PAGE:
The wish to evaluate antibodies in ferrets without having to dose at frequent intervals and without having ferret ADA immune responses interfere with antibody efficacy prompted our effort to test whether these issues could be minimized by redesigning the test antibodies. As we were not aware of published reports that explicitly described the pharmacokinetics of human mAbs in ferrets, we first determined the half-life of a human mAb. For this, a human IgG mAb not thought to bind endogenous ferret antigens (the mAb is specific for the F glycoprotein of RSV) was used as test antibody in order to avoid any antigen-mediated effects on antibody pharmacokinetics. When the PK of the original human IgG1 mAb was studied in ferrets, we observed a half-life of 31 ± 10 hours, longer than the 14 hours we estimated from the published work of Bossart et al., but still much shorter than what has typically been observed in other common models such as mice and cynomolgus monkeys. The introduction of two amino acid substitutions in the human IgG1 Fc, H433L, and N434S, extended its half-life to 72 ± 21 hours, a 2·3-fold improvement over the original 31 hours. Although this met our initial goal of a 3-day half-life, some ferrets showed indications of an ADA response. The presence of ADAs was confirmed in two plasma samples, and a third showed a rapid drop in plasma mAb concentrations indicative of an immune response. This sample had a sixfold higher plasma concentration of residual human mAb, which may have blocked detection of ADAs in our assay. Antibody immune responses against heterologous test antibodies in model species are a common issue, and the incidence increases when more than one dose is given. Because ADAs usually develop 7–10 days after exposure, studies which extend beyond this point risk the effects of ADA-mediated clearance on efficacy. Avoiding ADA responses would be more likely if the antibody test articles contained ferret constant regions. Therefore, we cloned the ferret HC and LC constant regions and used them to make human/ferret chimeric antibodies. Having seen that substitutions in the human Fc could increase half-life in the ferret, several substitutions which had been shown to increase the half-life of human antibodies were introduced into the ferret Fc. The chimeric mAb and variants were screened in ferret FcRn binding assays. Because the sequence of ferret FcRn was only partially known, it also had to first be cloned from ferret tissues. It should be noted that while FcRn binding at pH 6 has been used to compare antibodies engineered for increased half-life, many antibodies which display tighter binding at pH 6 also bind more tightly at higher pH and are not efficiently released. Therefore, FcRn binding at pH 6 can be useful as an initial screening tool, but must be confirmed by in vivo testing. FcRn binding analyzed by an AlphaScreen-based assay revealed the following rank order of affinities for the variants: S252Y=YTE>S252M>N434S>WT. The finding that the serine at position 252 naturally found in the ferret antibody sequence results in decreased binding to ferret FcRn compared with the methionine found at this position in humans is interesting and gives support to the idea that the intrinsic clearance of endogenous antibodies in ferrets is more rapid than in other species. The WT chimeric mAb and three variants, S252M, S252Y, and YTE, were then included in a ferret PK study. The half-lives of the chimeric mAbs in vivo were consistent with the FcRn binding assays, showing a rank order of half-lives of S252Y=YTE>S252M>WT. The strongest FcRn binders S252Y and YTE had half-lives of ~9 days. However, perhaps the most important observation from this study was the lack of precipitous drops in antibody plasma concentration which would indicate strong ADA responses. Others have described dramatic decreases in injected antibody concentrations as pharmacokinetic indications of an ADA response. Preferably, this could have been supported by the direct detection of ADAs; however, residual test article in the plasma samples partially inhibited detection. Therefore, while the observations presented here make a strong case that chimeric human/ferret antibodies are less immunogenic in ferrets, the possibility exists that weak immune responses went undetected. Future studies might include a wash-out period to allow injected antibody to be fully cleared.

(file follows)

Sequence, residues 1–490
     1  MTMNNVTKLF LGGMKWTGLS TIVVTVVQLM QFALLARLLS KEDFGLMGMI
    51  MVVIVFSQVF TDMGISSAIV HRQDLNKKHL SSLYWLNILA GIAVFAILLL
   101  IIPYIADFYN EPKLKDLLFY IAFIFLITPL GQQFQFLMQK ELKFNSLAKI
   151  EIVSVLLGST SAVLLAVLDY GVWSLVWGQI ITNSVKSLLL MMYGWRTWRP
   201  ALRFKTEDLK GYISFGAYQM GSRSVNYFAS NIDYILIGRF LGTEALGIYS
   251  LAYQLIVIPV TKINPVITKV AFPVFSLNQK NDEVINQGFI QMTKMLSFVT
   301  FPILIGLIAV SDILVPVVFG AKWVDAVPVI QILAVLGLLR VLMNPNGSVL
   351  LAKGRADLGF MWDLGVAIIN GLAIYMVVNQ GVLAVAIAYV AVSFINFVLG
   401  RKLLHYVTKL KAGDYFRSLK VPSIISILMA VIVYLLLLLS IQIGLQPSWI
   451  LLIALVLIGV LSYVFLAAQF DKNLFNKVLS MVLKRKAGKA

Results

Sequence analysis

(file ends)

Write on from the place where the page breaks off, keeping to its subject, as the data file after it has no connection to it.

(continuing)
Overall, these results show that a chimeric mAb with ferret constant regions can be used to minimize immunogenicity in ferrets and can be engineered for a long half-life. The chimeric mAbs were properly assembled, were biophysically well-behaved, and retained full antigen binding. It should be straightforward to prepare such chimeric antibodies from any antibody variable regions and thereby gain the advantages of lower dosage and less frequent dosing, as well as reduced variability between animals, especially in long-term multidose studies.